Winter

This is a great season to review your year in beekeeping, check inventory, order supplies, read your favorite beekeeping literature, plan for Springtime and sip honey-sweetened hot beverages in front of a warm and cozy fireplace!

 

A colony needs an ample amount of honey in store going into winter in order for them to make it through to spring until flowers begin to appear. We try to be extra careful by leaving as much honey as we believe they need, even if it means leaving a honey super on top of their hive. The honey that they produce is far more healthy for them than any sugar supplement. However, it is common practice for beekeepers to supplement nutrition by feeding syrup and/or patties before the Spring nectar flow begins.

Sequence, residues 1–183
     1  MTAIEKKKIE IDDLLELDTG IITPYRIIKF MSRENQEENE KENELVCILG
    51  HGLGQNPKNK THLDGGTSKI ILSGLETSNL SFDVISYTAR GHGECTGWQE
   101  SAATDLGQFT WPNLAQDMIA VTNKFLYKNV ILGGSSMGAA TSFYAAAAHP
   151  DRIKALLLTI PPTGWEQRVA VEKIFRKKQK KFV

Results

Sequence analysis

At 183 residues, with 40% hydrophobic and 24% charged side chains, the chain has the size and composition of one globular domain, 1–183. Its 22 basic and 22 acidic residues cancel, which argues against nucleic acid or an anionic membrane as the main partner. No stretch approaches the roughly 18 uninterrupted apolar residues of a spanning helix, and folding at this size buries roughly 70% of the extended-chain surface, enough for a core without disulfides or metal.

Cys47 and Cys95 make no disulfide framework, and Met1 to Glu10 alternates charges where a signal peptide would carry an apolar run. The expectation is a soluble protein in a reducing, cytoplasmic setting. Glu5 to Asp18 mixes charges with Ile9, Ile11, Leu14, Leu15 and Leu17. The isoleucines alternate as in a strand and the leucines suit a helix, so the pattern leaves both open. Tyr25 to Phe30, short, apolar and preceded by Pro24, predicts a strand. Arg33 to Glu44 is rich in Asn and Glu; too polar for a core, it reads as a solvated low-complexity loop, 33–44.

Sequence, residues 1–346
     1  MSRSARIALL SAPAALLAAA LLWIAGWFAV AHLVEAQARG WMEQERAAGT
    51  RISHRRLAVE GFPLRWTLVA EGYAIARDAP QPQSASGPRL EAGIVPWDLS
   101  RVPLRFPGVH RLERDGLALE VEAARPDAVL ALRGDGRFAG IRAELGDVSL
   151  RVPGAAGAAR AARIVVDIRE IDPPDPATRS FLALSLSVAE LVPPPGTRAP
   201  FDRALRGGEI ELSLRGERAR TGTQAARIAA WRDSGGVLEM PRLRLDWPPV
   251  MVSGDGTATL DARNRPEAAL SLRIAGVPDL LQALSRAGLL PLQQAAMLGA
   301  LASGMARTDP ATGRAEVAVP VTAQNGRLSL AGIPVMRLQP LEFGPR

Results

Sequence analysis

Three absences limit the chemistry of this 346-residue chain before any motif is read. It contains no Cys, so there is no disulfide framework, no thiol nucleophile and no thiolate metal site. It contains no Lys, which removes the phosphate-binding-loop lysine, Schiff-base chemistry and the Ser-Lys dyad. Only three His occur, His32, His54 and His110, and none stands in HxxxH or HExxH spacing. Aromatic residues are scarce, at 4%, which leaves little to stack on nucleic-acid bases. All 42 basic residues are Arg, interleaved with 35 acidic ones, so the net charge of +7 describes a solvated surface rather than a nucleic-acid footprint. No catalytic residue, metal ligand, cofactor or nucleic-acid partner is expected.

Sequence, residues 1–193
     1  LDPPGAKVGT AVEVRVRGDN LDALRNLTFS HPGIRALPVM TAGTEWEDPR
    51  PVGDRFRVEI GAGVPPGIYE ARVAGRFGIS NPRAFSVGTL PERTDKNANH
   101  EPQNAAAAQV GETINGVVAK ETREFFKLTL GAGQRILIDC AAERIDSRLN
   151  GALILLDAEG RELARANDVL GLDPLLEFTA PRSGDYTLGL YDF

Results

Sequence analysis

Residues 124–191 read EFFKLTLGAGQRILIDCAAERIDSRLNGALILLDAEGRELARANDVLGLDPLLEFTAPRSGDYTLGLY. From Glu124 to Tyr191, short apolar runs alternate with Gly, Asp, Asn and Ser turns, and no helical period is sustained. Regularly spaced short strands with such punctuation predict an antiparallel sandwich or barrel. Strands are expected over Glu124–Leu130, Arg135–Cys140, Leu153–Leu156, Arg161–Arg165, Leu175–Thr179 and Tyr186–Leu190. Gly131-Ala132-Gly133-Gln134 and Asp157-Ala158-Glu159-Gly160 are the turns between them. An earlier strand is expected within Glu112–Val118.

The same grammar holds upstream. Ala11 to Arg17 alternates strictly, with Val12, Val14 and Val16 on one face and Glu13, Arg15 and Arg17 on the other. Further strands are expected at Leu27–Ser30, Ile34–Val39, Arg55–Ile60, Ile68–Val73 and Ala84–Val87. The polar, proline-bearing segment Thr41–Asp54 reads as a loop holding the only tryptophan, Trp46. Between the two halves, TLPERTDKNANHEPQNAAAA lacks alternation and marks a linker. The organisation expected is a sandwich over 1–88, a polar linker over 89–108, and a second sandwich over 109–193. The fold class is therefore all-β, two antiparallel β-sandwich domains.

If outside temperatures are below 40 degrees at night, sugar patties are made. A sugar patty will consist of organic sugar (or table sugar if organic is not available) mixed with just enough water to hold it together. We will put this mixture into a one gallon size Ziplock bag with two small 1″ X 1″ X 4″ chunks of wood placed inside and on what will become the bottom side of the bag. This will keep the bees from suffocating underneath. When we place the bag on top of the hive frames, we will cut slits into the bag so the bees have access to the sugar patty. I have also added one drop of peppermint essential oil to this mixture when I believe they need a little help stimulating their appetite. I also believe that it helps ward off mites.

When temperatures are above 40 degrees at night, we may feed sugar syrup. If needed, early in the Spring we feed a 2:1 ratio, sugar to water to give them a bit of a boost. If they are still taking it in as flowers begin to bloom, we will cut it back to a 1:1 ratio. Eventually they will not take any of it and we will remove the feeders.